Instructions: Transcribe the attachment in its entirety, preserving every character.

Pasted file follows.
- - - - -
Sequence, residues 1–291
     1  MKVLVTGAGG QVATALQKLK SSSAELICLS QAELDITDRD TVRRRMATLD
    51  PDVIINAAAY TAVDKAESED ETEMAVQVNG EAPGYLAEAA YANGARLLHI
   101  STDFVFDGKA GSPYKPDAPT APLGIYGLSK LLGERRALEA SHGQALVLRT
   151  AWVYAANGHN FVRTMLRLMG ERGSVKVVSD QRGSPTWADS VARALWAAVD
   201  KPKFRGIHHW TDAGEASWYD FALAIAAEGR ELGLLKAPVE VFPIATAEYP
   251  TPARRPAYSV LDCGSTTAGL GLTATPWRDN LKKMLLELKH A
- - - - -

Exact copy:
Sequence, residues 1–291
     1  MKVLVTGAGG QVATALQKLK SSSAELICLS QAELDITDRD TVRRRMATLD
    51  PDVIINAAAY TAVDKAESED ETEMAVQVNG EAPGYLAEAA YANGARLLHI
   101  STDFVFDGKA GSPYKPDAPT APLGIYGLSK LLGERRALEA SHGQALVLRT
   151  AWVYAANGHN FVRTMLRLMG ERGSVKVVSD QRGSPTWADS VARALWAAVD
   201  KPKFRGIHHW TDAGEASWYD FALAIAAEGR ELGLLKAPVE VFPIATAEYP
   251  TPARRPAYSV LDCGSTTAGL GLTATPWRDN LKKMLLELKH A